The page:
In the western desert of Egypt is a valley known as Wadi al-Hitan. Like some of the other famous valleys in Egypt, such as the Valley of the Kings and the Valley of the Queens, this valley is a kind of graveyard, but this one is for whales. Not that people buried whales here; rather, the desert preserves the fossils of a wide variety of sea life from millions of years ago, when this region was under a shallow sea. Among the most striking and important fossils at the site are the remains of several different species showing different stages of the evolution of ancient land mammals into the whales we know today.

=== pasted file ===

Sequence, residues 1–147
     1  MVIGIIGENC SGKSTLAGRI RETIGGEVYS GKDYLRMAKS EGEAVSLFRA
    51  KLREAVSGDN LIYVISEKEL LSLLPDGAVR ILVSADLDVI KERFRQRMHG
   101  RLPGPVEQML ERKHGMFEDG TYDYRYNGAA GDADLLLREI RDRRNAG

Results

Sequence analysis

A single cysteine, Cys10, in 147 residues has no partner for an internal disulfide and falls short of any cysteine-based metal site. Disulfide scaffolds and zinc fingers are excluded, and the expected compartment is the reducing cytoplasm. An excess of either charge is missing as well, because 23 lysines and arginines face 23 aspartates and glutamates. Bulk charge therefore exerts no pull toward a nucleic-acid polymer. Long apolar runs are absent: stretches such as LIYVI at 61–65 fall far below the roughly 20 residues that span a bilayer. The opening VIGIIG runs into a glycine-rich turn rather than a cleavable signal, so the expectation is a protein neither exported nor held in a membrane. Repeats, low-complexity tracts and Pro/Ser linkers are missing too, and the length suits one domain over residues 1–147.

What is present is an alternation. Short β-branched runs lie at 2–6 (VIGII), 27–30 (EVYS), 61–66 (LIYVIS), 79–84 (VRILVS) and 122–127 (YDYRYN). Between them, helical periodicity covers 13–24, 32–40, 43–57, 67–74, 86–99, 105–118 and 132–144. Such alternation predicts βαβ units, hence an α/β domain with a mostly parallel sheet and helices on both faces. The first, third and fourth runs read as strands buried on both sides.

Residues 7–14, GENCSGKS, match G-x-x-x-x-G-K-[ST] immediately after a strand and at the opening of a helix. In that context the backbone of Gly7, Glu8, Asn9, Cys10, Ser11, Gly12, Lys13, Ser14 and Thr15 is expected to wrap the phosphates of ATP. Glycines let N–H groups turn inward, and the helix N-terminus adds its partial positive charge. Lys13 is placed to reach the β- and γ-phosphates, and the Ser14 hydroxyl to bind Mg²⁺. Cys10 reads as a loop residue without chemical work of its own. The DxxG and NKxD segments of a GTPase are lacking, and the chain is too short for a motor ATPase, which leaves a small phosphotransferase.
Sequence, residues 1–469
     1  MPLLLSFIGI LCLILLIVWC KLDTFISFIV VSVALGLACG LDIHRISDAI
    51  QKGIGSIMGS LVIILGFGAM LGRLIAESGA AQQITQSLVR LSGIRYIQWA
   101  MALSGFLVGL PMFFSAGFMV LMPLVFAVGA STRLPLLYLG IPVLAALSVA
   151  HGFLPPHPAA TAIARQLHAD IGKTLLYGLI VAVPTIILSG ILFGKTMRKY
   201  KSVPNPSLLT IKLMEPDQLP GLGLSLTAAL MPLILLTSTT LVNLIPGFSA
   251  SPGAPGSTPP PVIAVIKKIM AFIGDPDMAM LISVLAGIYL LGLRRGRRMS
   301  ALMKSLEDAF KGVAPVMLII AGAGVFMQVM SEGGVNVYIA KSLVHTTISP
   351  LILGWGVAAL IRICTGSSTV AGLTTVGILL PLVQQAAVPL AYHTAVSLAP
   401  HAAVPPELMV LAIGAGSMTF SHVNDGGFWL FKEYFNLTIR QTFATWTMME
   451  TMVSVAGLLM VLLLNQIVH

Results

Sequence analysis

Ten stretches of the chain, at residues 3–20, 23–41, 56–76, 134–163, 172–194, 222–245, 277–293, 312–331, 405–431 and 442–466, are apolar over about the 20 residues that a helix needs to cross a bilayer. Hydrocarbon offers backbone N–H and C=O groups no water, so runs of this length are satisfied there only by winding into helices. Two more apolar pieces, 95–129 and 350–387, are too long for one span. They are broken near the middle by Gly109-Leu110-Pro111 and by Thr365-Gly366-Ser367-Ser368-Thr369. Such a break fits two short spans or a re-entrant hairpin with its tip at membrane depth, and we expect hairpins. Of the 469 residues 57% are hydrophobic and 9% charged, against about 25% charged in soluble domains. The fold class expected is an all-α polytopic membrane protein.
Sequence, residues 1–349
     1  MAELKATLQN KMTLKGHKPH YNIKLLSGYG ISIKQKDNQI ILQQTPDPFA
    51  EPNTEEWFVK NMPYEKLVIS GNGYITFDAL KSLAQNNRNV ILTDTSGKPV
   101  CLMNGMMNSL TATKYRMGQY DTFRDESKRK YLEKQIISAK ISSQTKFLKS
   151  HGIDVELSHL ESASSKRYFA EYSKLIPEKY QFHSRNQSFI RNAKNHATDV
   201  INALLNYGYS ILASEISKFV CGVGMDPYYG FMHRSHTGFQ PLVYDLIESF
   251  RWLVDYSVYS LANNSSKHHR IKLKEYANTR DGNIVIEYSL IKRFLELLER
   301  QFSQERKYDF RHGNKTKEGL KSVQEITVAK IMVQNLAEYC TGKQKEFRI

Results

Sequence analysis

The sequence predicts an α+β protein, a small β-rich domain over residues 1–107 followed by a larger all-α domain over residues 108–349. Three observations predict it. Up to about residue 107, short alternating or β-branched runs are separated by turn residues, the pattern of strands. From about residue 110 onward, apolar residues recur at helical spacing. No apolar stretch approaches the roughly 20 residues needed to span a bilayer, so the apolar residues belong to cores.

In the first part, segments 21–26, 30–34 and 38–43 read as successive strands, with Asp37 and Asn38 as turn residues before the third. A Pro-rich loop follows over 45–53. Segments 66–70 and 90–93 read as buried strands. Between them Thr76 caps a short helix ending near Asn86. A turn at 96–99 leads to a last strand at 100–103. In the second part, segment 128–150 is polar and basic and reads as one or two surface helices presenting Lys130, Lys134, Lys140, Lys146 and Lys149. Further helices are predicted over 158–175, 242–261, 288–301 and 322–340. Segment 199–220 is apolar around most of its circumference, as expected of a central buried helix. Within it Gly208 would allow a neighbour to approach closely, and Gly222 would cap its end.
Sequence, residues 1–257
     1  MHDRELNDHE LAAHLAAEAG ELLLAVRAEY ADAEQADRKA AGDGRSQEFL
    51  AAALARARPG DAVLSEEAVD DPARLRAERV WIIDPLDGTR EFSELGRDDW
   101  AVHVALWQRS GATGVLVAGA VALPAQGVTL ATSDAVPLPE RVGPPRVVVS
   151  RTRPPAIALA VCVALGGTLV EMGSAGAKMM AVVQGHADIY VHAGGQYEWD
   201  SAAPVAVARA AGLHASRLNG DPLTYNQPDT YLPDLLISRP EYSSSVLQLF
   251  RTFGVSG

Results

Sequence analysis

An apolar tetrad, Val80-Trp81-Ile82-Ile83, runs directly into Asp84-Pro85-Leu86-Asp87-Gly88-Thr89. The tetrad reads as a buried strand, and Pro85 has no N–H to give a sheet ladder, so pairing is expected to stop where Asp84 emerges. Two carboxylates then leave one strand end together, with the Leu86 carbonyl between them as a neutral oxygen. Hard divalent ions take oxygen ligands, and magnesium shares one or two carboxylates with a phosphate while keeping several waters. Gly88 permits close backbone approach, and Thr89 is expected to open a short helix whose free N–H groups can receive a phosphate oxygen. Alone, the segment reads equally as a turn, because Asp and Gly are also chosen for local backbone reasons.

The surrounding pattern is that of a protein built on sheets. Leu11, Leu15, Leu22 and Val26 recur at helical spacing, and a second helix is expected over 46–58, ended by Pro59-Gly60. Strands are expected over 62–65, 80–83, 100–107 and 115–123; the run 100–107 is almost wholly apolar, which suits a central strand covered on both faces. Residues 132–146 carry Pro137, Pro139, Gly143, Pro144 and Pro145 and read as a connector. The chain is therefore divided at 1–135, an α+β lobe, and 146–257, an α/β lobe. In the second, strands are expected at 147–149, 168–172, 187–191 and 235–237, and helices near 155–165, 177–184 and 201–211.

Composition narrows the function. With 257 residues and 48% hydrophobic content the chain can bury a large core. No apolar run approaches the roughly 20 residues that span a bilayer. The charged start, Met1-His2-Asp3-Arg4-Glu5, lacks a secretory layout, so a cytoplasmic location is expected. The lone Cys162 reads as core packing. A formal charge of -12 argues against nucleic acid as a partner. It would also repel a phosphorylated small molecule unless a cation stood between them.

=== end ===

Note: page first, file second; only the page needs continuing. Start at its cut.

Wadi al-Hitan is today preserved as a UNESCO site in recognition of both its stark natural beauty and its paleontological significance.
Images: An excavated fossil skeleton of a prehistoric whale, photograph by AhmedMosaad via Wikimedia. Spine and skull of a Dorudon atrox, photograph by Christoph Rohner via Wikimedia. Vertebrae on the desert sands, photograph by Jolybook via Wikimedia.
Out There is an occasional feature highlighting intriguing art, spaces, places, phenomena, flora, and fauna.